- Transfer fraud: the person who steals your identity uses it to sell the property itself. The fraudster often gains access to your property via either short or long-term rental, and uses that access to show the property to prospective buyers. The buyer is left on the hook for the mortgage cost, and title insurance may be their only recourse.
Title insurance coverage varies from province to province. Always check with your notary or lawyer to make sure you understand where you are and aren’t covered.
How much does title insurance cost?
You only pay for title insurance once—there’s no monthly premium. The cost is based on the value of your property as well as the province you’re buying in. Based on average home prices from 2021 in Alberta and B.C., $150-$350 is a common range.
Can I purchase my own title insurance?
It depends on when you get it. If you request a title insurance policy as part of buying your home, it’s actually your lawyer (or notary, in B.C.) who purchases it on your behalf. But, if you didn’t get title insurance when you bought your home, you can always purchase an Existing Homeowner Policy (EHOP) yourself later on.
Is title insurance part of Western Protocol?
Western Conveyancing Protocol (also called WCP or the Protocol) is a system the law societies in the Western provinces created to help close real estate deals faster. A Protocol closing lets the deal “close” on the closing date, even though the land title registration hasn’t happened yet. The seller can get their money and the buyer can move in without waiting weeks for the title registry.
Title insurance is separate from WCP. It offers all of the same benefits—fast closing, registration gap coverage—with much more protection for the buyer. More notaries and lawyers are relying on title insurance to cover the gaps in WCP coverage and make sure you’re properly protected, especially in hotter markets like Vancouver or Calgary.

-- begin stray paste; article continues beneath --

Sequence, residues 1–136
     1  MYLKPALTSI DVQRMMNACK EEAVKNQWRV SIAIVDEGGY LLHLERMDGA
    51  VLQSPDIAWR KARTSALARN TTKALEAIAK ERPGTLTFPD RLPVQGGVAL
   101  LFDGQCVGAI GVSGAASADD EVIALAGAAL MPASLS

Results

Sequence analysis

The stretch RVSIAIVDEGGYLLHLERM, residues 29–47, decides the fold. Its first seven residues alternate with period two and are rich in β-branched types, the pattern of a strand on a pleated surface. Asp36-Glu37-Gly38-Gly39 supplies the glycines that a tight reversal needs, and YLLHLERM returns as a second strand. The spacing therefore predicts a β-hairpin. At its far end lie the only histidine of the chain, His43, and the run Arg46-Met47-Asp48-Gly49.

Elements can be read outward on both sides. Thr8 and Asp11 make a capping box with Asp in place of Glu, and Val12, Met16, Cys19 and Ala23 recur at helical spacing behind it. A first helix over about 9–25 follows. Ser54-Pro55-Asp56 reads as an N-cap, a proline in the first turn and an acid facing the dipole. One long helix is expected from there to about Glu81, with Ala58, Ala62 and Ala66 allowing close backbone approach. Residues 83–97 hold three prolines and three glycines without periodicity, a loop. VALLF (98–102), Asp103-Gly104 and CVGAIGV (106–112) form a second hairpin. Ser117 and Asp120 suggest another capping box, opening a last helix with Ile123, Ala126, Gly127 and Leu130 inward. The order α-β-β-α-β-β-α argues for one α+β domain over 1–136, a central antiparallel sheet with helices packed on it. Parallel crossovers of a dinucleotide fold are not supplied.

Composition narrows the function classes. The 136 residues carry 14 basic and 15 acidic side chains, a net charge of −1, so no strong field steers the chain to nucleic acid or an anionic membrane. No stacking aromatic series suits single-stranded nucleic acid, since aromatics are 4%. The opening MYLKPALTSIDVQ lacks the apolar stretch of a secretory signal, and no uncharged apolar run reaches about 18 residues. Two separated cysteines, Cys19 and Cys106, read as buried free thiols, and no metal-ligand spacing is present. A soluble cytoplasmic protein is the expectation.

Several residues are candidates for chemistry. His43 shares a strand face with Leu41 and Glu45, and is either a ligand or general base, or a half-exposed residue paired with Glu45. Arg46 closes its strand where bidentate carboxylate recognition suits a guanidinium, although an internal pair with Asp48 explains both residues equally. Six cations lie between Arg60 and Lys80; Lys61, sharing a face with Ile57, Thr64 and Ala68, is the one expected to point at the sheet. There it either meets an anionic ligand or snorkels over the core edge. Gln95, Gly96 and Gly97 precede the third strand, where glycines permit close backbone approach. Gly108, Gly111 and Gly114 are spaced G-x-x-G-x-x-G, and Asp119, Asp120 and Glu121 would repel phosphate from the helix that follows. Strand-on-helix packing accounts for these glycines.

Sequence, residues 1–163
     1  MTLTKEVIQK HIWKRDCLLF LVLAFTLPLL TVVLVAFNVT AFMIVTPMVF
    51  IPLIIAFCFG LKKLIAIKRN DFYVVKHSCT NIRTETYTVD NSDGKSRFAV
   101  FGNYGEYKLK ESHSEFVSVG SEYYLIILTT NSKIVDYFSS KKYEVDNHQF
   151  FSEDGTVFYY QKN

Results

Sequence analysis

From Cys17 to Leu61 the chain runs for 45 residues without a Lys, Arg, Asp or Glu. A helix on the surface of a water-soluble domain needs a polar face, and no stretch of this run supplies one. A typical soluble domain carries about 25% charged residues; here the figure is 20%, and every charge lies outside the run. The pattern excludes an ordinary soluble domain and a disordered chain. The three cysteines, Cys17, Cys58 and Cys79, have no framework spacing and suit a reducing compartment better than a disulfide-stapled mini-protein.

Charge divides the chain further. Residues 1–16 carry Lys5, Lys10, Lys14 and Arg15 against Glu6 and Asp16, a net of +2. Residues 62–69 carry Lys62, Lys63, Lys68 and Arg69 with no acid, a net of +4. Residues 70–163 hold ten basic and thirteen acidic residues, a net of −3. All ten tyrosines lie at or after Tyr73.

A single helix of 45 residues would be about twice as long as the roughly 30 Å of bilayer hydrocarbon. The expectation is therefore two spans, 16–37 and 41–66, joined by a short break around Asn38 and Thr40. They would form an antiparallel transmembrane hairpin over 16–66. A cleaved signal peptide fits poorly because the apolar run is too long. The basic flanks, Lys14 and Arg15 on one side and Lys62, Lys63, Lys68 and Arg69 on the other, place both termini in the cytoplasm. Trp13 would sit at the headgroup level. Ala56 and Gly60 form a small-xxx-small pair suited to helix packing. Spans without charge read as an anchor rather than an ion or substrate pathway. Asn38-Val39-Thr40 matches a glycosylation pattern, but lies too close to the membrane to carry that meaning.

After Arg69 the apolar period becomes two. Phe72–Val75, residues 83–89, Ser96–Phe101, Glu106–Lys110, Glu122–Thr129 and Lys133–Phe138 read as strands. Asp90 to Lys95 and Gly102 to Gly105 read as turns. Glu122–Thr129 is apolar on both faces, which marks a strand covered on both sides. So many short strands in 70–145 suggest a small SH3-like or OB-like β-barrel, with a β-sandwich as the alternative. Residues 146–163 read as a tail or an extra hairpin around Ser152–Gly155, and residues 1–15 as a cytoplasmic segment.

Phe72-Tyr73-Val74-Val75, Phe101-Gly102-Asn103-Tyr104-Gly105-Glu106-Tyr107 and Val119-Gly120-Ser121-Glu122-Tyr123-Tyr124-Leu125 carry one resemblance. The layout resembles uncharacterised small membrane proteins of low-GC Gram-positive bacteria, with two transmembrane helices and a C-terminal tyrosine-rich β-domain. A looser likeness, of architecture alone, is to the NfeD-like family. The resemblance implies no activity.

Why do I have two title insurance policies?
This is a common area of confusion for homebuyers and property owners. There are two types of title insurance policies: lender and owner. They cover slightly different risks, but more importantly, an owner’s policy protects an owner and a loan policy protects a lender.
Check your closing documents to see if they reference an owner title insurance policy, and if you aren’t sure, reach out to your lawyer or notary.
Do I need title insurance if I have a condo or strata?
One frequent myth about title insurance is that it’s just for detached or other types of houses. But it’s just as important for strata or condominium owners. In fact, there are risks that come up more often with condos than with houses:
- If your unit also has a parking spot and/or storage unit on its title, you can suffer losses from loss of access to those spaces the same way you would for the unit itself.
- Condo boards can issue special levies, to pay for building repairs or improvements. These mandatory fees can be sudden and expensive.
Don’t put yourself at unnecessary risk. Title insurance protects you against issues that are expensive and nearly impossible to predict. For a small one-time payment, you’re protected for as long as you have an interest in the property.
You can also still purchase title insurance even if you’ve owned your property for years. Get protected today with an existing homeowner’s policy from FCT.
Insurance by FCT Insurance Company Ltd. Services by First Canadian Title Company Limited. The services company does not provide insurance products. This material is intended to provide general information only. For specific coverage and exclusions, refer to the applicable policy. Copies are available upon request. Some products/services may vary by province. Prices and products/services offered are subject to change without notice.